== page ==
What Could a Voter ID Law Mean for Nevadans?

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Between now and November 2016, a statewide initiative petition to amend an existing Nevada statute is being circulated among Nevada voters to change the identification requirements for voters at the polls. The petition, known as The Initiative to Require Voter ID, or the Voter ID Act, seeks to amend Nevada Revised Statute (NRS) 293.277. It would require a registered voter who wishes to vote in person to present photographic proof of identity to the applicable election board officer.

The initiative would also require government entities (such as the Nevada Department of Motor Vehicles to provide a voter identification card at no charge to a person who is registered to vote and who does not already have a U.S. (or federally recognized Indian tribe) government-issued card that:

  • Shows a recognizable photograph of the person
  • Shows the name and signature of the person
  • Bears an expiration date that is not earlier than four years before the date of the election.

The voter identification cards would include: the name, address, date of birth, photograph, and signature of the person to whom the card is issued. The card would be considered valid for as long as the person is registered to vote and resides at the address on the card. Current voter registration cards do not have a photo on them, and thus, could not be used as proof of identity.

To be petitioners needs to collect 55,234 valid signatures, with 25 percent, or 13,809, coming equally from each of the state’s four assembly petition districts. The appropriate county clerks or registrars are responsible for providing the Secretary of State with a raw count of the number of signatures on the petition. Immediately upon receiving the raw counts, the Secretary of State determines whether the petition has received enough signatures to be deemed sufficient. If the petition is declared sufficient, the respective county clerk or registrar then has nine days to verify the signatures on the petition.

Once the petition is deemed sufficient, the Secretary of State deliver the petition to the 2017 Legislative Session on February 6, 2017, the first day of the legislative session. The legislature then has 40 days to enact or reject the petition without change. If it is enacted and approved by the Governor, it becomes law. If the legislature neither acts upon nor rejects the petition within this time frame, the Secretary of State is then responsible for submitting the petition as a question on the election ballot in 2018.

Does Nevada Have a Problem with Voter ID Fraud?

Proponents of voter ID laws say that they help prevent instances of voter fraud. People can register under the names of deceased citizens, register in more than one jurisdiction, vote without citizenship, vote under false identities, or cast ballots for a person who is too mentally impaired to vote on his or her own. These practices, they say, erode the foundations of democracy. Moreover, because other laws require citizens to present photo ID, including buying beer or cigarettes, getting married and getting on a plane, voting—a practice with serious implications for the country—should be held to the same standard.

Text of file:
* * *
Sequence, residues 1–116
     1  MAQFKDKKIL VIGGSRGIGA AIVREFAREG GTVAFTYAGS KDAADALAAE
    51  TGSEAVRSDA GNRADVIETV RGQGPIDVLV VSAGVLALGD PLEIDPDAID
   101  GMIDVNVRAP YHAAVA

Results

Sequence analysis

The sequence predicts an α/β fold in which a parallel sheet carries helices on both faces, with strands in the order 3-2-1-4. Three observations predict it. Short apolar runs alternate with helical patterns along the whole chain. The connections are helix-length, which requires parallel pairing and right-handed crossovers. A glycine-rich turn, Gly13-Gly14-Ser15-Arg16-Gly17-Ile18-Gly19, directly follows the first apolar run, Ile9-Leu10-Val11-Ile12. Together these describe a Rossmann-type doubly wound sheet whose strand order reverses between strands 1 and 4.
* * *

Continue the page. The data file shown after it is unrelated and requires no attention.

Former State Assemblywoman Sharron Angle (R), who is listed as the initiative’s sole proponent, testified during a meeting of the Assembly Committee on Legislative Operations and Elections that her work with the website ElectionCorruption.com found a number of anomalies, activity that was “not easy to explain” and anecdotal evidence of fraud from poll workers in Nevada. The organization believes election corruption in the state is 3 percent.

However, researchers at the Brennan Center of Justice at New York University School of Law said that restrictive identification requirements address a voter fraud “more rare than death by lightning.” Between 2000 and 2011, there have only been 633 cases of voter fraud nationwide. In Nevada, only four cases of voter fraud have been reported in recent years. In 2014, a Las Vegas area woman faced seven charges, including two felony counts, for registering to vote twice under a false name, and a Washoe County woman who was living in the United States illegally was arrested for registering to vote under a false name and casting ballots in the 2008 and 2010 elections. And an elderly man in 2014 mistakenly tried to vote a second time, having forgotten he had already cast a ballot. More recently, during the June 2016 primary, a Republican woman working for Engage Nevada, a conservative outreach group, was arrested and charged with 11 felony counts for falsely registering voters as Republican.

Who is most likely to be affected by Voter ID laws?